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Every day, we help people sort through this question and help them run the numbers and compare benefits. In this article, we share how we approach this question. If you’d like help with your particular situation, you can always schedule a time to speak with one of our advisors. There’s never any cost to work with us.
Many people benefit from staying on their employer-provided plan as long as possible. In most circumstances, this choice also permits people to defer enrolling in Medicare without penalty.
But many others can save money and get better benefits by enrolling in Medicare as soon as they are eligible.
This is because many people can save money on premiums with Medicare and get more benefits, in comparison to what they pay for their employer-provided coverage and what they receive for that coverage.
Below, we present the full framework we suggest using to answer this question. The framework is long, but we want to present you with all the facts.
And if you’d like, we’d love to support you, guide you each step of the way, or simply help to confirm your math.
First, you should consider whether to sign up for Part A, or defer enrolling. Part A is Hospital Insurance, and covers many of the costs of being hospitalized.
If you’re eligible for Social Security like most people (even if you haven’t yet started it), you are eligible for premium-free Part A. In this case, you should probably sign up for Part A. With it, you will receive more robust hospital coverage, and in most cases Part A will help to pay for out-of-pocket expenses that your employer plan may not cover. The one exception is if you have an HSA and want to continue contributing to it. If you enroll in Medicare at all, you can't continue to contribute to an HSA, although you can keep your account.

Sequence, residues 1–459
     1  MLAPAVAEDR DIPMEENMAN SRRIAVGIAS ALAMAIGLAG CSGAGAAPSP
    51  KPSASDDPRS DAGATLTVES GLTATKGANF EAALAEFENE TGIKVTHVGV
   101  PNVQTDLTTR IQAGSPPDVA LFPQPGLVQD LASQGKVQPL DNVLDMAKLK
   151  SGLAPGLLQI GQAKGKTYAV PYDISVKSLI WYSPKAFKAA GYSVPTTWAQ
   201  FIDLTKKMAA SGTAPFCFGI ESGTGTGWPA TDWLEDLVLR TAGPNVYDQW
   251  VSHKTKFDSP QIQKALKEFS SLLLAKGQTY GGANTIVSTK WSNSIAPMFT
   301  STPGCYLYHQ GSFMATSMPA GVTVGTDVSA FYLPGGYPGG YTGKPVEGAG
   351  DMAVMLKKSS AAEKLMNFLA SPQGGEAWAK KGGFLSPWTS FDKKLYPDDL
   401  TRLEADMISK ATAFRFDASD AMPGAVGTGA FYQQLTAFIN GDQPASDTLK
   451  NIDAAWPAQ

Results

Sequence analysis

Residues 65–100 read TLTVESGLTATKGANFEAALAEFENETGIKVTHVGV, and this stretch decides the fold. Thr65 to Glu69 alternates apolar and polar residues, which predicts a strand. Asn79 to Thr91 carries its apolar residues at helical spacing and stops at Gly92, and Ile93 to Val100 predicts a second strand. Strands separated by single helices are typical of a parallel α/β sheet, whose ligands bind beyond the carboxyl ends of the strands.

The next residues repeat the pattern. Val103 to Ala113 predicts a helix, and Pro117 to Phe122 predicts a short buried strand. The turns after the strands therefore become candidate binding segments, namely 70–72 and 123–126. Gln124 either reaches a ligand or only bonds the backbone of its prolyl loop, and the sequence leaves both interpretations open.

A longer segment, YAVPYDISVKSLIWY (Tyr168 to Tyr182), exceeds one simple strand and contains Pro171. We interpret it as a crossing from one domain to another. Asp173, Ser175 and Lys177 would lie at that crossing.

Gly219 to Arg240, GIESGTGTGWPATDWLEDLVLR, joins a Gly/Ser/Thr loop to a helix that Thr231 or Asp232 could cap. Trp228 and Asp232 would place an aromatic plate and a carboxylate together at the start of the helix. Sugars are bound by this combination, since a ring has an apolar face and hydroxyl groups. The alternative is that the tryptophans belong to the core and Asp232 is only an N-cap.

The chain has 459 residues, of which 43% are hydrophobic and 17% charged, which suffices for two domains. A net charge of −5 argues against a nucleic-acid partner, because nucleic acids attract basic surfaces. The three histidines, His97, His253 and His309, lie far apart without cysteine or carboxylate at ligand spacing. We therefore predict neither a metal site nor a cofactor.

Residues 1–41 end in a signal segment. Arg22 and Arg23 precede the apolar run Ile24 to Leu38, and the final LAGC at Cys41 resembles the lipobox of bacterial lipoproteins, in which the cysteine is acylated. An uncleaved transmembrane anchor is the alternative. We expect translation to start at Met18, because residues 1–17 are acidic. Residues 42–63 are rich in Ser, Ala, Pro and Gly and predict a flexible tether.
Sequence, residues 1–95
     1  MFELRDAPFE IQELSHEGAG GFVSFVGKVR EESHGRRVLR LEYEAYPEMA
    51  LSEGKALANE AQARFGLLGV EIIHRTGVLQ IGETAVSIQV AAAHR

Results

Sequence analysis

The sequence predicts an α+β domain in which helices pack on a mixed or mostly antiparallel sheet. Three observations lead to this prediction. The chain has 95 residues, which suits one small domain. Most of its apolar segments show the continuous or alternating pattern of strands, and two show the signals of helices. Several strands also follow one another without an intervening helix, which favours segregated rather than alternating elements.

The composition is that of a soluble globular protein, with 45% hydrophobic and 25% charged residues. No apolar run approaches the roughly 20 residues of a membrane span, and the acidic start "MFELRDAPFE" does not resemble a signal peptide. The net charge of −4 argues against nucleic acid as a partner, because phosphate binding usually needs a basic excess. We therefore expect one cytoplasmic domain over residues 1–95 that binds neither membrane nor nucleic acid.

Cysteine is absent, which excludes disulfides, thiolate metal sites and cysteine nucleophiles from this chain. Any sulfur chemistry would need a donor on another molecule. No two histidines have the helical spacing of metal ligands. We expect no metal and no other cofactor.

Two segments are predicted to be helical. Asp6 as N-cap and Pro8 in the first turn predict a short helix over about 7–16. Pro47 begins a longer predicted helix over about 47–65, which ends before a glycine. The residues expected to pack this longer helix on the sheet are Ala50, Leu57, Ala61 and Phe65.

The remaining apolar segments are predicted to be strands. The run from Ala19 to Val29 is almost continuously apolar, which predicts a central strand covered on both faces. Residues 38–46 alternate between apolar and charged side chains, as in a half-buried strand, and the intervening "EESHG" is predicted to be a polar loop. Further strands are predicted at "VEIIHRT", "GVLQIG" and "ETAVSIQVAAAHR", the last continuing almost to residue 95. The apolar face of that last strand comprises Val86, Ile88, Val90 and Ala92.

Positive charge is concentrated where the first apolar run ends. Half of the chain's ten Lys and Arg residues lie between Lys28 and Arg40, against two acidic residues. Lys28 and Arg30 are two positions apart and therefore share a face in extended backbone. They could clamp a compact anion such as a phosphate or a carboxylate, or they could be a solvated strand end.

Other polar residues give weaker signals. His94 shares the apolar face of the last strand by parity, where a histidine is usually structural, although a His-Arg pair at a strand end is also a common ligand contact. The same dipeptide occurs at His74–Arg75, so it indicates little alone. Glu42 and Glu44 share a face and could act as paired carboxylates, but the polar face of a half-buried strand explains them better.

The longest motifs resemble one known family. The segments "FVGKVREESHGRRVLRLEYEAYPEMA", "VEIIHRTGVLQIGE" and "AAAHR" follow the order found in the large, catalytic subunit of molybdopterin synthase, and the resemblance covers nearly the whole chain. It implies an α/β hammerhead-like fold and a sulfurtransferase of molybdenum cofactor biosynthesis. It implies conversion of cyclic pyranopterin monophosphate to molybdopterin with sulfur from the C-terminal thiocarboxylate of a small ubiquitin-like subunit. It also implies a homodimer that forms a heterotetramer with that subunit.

Second, you should consider whether to enroll in Part B of Medicare. Part B is Medical Insurance, and it covers many medical services like when you visit the doctor’s office. Unlike Part A, you must pay a monthly premium for Part B to Uncle Sam. For most people, if you keep your employer coverage, you will want to defer enrolling in Part B.
But how should you make this choice?
Your decision to keep your employer-sponsored coverage depends on two factors:
Your premium costs for Medicare Part B coverage plus the costs of the Medicare Supplement (aka Medigap plan) or Medicare Advantage plan you might choose
If you have health coverage through your work or your spouse’s employer, you probably have to pay something for it. Most employers require employees to pay a significant portion of their health insurance premiums, even if the employer covers the majority of the cost.
You can look up this cost on your recent pay-stubs by seeing the amount that is deducted from your pre-tax income to cover health, dental, and / or vision coverage.
Remember that if you and your spouse both receive coverage from the same employer, you’ll need to break out the costs required to cover each of you individually. If you have any trouble, we can help you with this.
Once you have this cost, you’ll know the monthly amount that you pay for your health coverage through your employer.
If you chose to sign up for Part B, how much would you pay each month?
Your potential part B premiums will depend on your income over the past two years -- for 2021 it will technically be 2018 and 2019 since your 2020 return won’t be filed until April. Most people will pay $148.50 per month for Part B in 2021. But if your annual income was more than $88,000 filing individually or $176,000 filing jointly, you’ll pay over $200 per month and could pay as much as $505 per month if you are in the top income segment. (You can see the full brackets for Part B premiums here.)